Overall, Rude Awakening is a good concert DVD. The significance of both the DVD and the live CD of the same name is that they were released the same year Megadeth disbanded, when front-man Dave Mustaine underwent therapy for nerve damage to his left arm. At the time of its 2002 release, few realized just how prophetic the title would be. It was their swan song - that is, until contractual obligations resulted in their reformation in 2004. By then, Dave had completed his physical therapy.
The concert was recorded during Megadeth's 2001 tour, while they were promoting their album The World Needs A Hero. In this show, they opened with "Dread and the Fugitive Mind" and closed with "Holy Wars." Other songs performed included: "Angry Again," "Hangar 18," "Trust," "Symphony of Destruction," and "Peace Sells."
It pleases me to know that the concert CD won a Metal Edge Readers' Choice Award. In 2002, readers of the now-defunct magazine voted Rude Awakening for "Compilation/Live Album of the Year," undoubtedly believing it would be Megadeth's final album. Thankfully, they thought wrong, but it was still great to see Megadeth win such an award.
A great send-off for the original Star Trek
I was impressed by this sequel when I first saw it in a movie theater twenty years ago, and I am still impressed by it now. Although William Shatner, James Doohan, and Walter Koenig reprised their respective roles in 1994's Star Trek: Generations, Star Trek VI: The Undiscovered Country was a great way to send the original ST cast off.
In this sixth installment, Captain Kirk is still harboring ill will toward the Klingons for having killed his son in Star Trek III: The Search For Spock. But it comes back to haunt him when he and Dr. McCoy are both falsely accused of murder. Fortunately, Kirk and McCoy's imprisonment is short-lived, as they escape, rejoin the Enterprise crew, and set out to identify not only the real killers but also everyone involved in the plot to frame them.
ST VI: The Undiscovered Country may have marked end of an era, but the services of the original cast were - and still are - greatly appreciated.
Terminator 2: Judgment Day (1991)
My favorite movie of 1991
I remember going to see T2 in the movie theater in the summer of 1991. I first saw it just a few days after its release and liked it so much that I went to see it again and again - and again! In other words, I saw it four times in a movie theater! As good as the original Terminator was (and still is), Terminator 2: Judgment Day is one of those movie sequels that outdoes the original. It has great special effects, and Arnold Schawarzenegger is excellent as the Terminator. Robert Patrick did a fine job as the T-1000, a terminator programmed to seek and do away with John Connor (brilliantly played by Edward Furlong). Of course, Linda Hamilton reprised the role of John's mother, Sarah Connor. The film won some Oscar awards, including one for the visual effects, and deservedly so.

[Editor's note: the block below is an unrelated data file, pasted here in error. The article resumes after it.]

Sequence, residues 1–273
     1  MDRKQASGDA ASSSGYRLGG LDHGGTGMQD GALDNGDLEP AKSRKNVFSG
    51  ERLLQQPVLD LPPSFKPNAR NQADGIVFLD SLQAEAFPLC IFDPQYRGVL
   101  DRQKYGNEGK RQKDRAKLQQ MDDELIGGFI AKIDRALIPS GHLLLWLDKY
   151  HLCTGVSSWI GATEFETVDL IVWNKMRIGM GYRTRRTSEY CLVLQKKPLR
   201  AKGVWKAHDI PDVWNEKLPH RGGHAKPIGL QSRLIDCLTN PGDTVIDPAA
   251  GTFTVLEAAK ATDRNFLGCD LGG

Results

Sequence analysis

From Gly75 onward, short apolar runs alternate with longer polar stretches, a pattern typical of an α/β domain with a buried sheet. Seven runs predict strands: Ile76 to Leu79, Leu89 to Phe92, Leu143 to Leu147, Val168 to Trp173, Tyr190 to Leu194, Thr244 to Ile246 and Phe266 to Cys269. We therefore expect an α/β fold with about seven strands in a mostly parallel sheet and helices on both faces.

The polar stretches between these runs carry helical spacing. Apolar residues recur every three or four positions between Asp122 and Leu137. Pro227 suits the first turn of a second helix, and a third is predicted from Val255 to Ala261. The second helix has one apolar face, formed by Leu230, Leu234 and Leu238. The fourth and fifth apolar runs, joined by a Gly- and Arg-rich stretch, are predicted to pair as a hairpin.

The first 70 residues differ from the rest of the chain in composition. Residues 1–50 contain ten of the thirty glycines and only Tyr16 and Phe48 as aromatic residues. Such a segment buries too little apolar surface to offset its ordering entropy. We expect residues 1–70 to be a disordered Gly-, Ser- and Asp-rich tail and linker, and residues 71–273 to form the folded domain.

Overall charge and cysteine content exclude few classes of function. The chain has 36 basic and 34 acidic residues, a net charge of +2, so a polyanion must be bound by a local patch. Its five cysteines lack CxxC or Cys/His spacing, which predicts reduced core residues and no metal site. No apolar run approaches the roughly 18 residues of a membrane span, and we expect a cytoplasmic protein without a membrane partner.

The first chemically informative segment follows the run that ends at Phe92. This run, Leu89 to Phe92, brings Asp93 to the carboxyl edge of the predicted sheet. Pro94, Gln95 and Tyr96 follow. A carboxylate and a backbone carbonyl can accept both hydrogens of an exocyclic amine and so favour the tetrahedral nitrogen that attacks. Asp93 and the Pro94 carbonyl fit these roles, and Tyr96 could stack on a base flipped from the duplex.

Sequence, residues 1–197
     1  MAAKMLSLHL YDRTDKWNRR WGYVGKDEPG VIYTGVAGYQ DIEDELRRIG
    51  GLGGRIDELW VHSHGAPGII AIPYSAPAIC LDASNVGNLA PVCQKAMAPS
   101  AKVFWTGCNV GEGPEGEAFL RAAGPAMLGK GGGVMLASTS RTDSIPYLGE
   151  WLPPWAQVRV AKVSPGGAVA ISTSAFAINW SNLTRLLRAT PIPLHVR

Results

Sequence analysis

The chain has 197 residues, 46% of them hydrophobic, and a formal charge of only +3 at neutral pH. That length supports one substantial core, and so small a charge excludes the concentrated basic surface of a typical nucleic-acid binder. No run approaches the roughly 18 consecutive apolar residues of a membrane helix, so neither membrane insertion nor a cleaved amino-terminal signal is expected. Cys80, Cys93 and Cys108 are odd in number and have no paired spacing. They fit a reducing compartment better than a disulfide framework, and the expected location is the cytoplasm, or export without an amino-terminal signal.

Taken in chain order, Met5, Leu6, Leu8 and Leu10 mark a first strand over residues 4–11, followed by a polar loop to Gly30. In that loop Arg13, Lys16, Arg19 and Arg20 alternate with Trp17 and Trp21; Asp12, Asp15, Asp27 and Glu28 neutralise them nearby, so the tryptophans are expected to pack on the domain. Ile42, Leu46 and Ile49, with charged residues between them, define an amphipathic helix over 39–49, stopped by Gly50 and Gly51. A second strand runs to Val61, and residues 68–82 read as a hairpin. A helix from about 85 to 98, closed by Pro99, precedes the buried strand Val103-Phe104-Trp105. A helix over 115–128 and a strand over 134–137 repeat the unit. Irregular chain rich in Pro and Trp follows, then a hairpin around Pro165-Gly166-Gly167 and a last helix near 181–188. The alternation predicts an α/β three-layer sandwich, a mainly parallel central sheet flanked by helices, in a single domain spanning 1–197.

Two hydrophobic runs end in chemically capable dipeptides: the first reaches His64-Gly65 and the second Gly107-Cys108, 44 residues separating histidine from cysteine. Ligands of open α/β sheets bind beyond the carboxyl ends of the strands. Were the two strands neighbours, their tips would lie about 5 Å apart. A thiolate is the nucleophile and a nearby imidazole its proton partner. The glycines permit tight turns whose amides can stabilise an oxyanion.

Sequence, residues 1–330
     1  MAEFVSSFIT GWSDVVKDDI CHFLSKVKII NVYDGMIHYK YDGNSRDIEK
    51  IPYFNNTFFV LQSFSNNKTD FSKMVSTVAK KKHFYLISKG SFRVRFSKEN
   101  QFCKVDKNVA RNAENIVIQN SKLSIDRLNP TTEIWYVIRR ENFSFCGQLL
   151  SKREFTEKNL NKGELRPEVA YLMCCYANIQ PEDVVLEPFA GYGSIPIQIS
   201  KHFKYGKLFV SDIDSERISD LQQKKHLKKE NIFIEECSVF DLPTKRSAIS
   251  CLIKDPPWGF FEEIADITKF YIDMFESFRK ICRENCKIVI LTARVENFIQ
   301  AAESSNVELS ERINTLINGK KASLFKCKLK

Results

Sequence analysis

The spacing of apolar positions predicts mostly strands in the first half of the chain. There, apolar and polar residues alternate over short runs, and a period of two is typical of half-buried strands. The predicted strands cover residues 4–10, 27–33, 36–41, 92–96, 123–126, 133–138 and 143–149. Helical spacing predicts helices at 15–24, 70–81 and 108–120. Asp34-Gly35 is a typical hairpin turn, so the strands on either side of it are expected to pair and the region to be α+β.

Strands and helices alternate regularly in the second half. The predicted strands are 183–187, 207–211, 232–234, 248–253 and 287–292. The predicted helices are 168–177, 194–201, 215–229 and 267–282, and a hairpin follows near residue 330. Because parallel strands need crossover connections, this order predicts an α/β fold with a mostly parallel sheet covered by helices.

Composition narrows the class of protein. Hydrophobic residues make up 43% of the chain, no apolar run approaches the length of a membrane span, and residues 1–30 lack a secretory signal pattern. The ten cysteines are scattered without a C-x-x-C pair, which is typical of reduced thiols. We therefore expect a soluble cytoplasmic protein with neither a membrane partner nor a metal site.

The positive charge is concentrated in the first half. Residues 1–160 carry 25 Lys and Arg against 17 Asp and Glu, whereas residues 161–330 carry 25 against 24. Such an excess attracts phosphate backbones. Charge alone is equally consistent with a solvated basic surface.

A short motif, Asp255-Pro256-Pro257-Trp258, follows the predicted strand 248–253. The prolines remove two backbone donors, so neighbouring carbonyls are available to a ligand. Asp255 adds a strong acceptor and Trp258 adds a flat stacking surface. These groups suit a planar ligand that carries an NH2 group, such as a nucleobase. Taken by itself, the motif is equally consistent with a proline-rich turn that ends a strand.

T2 is my most favorite movie of 1991.
One of the best animated TV shows - of both the 1980s and all-time
When The Transformers debuted in 1984, I was twelve years old. Of the four seasons it lasted, I generally like the second season the best.
One of my favorite episodes is the two-part episode titled "The Key To Vector Sigma." This was a significant episode because it was about the origin of a new group of Decepticons known as the Stunticons, as well as the origin of the Aerialbots. Because of their ability to perform an assortment of stunts, the Stunticons may very well be among the most dangerous Decepticons.
Another favorite episode of mind was "The Return Of Optimus Prime," because of the fact that Optimus Prime was brought back to life after being killed off in the 1986 movie. It was no secret that fans and small children reacted to his death very badly, and the backlash brought about his return. The episode clearly showed that there are some characters you just can't kill off. Optimus Prime was and is a beloved icon, and seeing him back to life was a welcome relief. The two-part episode was a great way to end the show's third season.
To this day, The Transformers is a cartoon show that I still cherish.
An effective 20th anniversary sequel
Although it is the seventh installment in the Halloween series, Halloween H20: 20 Years Later is, by all accounts, designed as a direct sequel to the first two films. The film was intended to focus on Laurie Strode and where her life is at two decades after being attacked and nearly killed by her brother, serial killer Michael Myers. In more ways than one, the strategy worked.
We now find Laurie Strode living in California and employed at a prep school. She has also changed her name to Keri Tate. None of this, however, is enough to prevent Michael Myers from tracking her down. And when he does, he tries once again to kill her. But this time, Laurie Strode becomes prepared to face him and, hopefully, end her nightmare once and for all.
Although HH20 is a good sequel, it is not without its drawbacks, the most notable of which is the absence of Donald Pleasance. Sadly, Pleasance, who last played Sam Loomis in Halloween 6, died in 1995, three years before this sequel was released. Nevertheless, the HH20 producers ensured that he was not forgotten, as they acknowledged his name in the end credits.